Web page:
- "Yeah, it happens sometimes. I was saying..."
- "Really? Not sure why, but okay."
- "Oh? I'm feeling slightly on the spot I guess."
- "Yeah, I blush easily. It's been like that since I was a kid. So, you were saying?..."
- (More light-hearted response) "Yep, I turn red easily. What can I say? It's my ruddy Irish genes."
If they continue to comment on it, stay on track. Be composed and friendly, but send the non-verbal message that there's nothing wrong with your blushing, but they are being a bit odd or inappropriate by dwelling on it. Like if they say, "Yeah, but dude, you're turning soooo red!" you could give them and look and say, "Yeah" in a "Yeah, so?" tone.
Strategies for when starting an interaction where you worry you're going to blush
Here the ideal approach is to not do anything, and handle any blushing using one of the suggestions I just covered. Though this is another situation where you might find it takes the pressure off to say something preemptively. For example, you could go, "Oh by the way, I turn red at the drop of a hat - my cheeks have a mind of their own - so don't pay any attention to it if it happens."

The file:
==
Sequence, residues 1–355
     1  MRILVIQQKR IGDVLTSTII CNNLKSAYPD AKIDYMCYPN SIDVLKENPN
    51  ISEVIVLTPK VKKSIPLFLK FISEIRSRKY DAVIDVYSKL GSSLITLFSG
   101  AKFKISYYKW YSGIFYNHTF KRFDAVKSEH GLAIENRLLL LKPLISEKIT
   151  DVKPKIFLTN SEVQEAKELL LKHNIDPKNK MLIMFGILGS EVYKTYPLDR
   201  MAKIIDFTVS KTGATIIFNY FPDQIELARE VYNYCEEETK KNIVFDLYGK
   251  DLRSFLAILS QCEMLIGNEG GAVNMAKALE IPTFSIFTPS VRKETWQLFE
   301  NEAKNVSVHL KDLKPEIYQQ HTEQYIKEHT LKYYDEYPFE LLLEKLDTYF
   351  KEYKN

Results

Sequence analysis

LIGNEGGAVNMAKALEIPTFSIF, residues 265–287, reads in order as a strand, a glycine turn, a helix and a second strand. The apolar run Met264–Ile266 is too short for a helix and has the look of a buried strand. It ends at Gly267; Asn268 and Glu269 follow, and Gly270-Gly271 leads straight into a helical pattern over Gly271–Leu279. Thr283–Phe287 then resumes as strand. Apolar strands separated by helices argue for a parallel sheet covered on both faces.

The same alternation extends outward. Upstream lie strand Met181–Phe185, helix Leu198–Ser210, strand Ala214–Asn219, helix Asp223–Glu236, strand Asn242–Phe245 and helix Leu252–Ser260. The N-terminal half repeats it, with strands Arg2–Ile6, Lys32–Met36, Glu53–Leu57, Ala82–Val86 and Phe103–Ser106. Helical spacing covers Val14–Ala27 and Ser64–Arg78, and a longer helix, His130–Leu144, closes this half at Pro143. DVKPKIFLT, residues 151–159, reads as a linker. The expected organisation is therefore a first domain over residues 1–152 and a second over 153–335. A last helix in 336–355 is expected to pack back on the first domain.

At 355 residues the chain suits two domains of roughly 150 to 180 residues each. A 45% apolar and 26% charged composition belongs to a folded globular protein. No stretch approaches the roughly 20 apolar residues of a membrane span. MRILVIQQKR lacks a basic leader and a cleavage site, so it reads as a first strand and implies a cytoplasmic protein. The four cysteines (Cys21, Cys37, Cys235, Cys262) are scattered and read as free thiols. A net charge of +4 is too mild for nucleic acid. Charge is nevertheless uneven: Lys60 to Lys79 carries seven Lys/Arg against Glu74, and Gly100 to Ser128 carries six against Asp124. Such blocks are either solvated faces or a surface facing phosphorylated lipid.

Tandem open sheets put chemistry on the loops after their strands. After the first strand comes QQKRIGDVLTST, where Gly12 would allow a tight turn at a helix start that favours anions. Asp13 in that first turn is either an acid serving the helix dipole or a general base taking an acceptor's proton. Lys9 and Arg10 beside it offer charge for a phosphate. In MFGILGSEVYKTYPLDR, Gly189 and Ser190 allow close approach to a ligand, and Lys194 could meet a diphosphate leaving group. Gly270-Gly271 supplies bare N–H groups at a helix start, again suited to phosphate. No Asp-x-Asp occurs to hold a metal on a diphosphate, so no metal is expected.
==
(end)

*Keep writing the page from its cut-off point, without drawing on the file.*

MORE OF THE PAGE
Examine your anxiety-increasing beliefs about blushing
People who worry about blushing do so because they see it as more eye-catching and shameful than it really is. It would be naive and patronizing to say people never notice blushing at all, or never say anything negative about it, but for the most part it's not that bad.
This article goes into more detail about how to challenge your unhelpful thinking, but for now, here are some common worries related to blushing, with some more balanced alternatives.
It's possible you've never really questioned your beliefs about blushing, and examining them more closely will reduce some of your anxiety. Though it's also common for people to know their beliefs aren't rational, but they can't help but be affected by them anyway. Luckily, even if you can't tame your thinking, you can still act in spite of it using the other approaches in this section.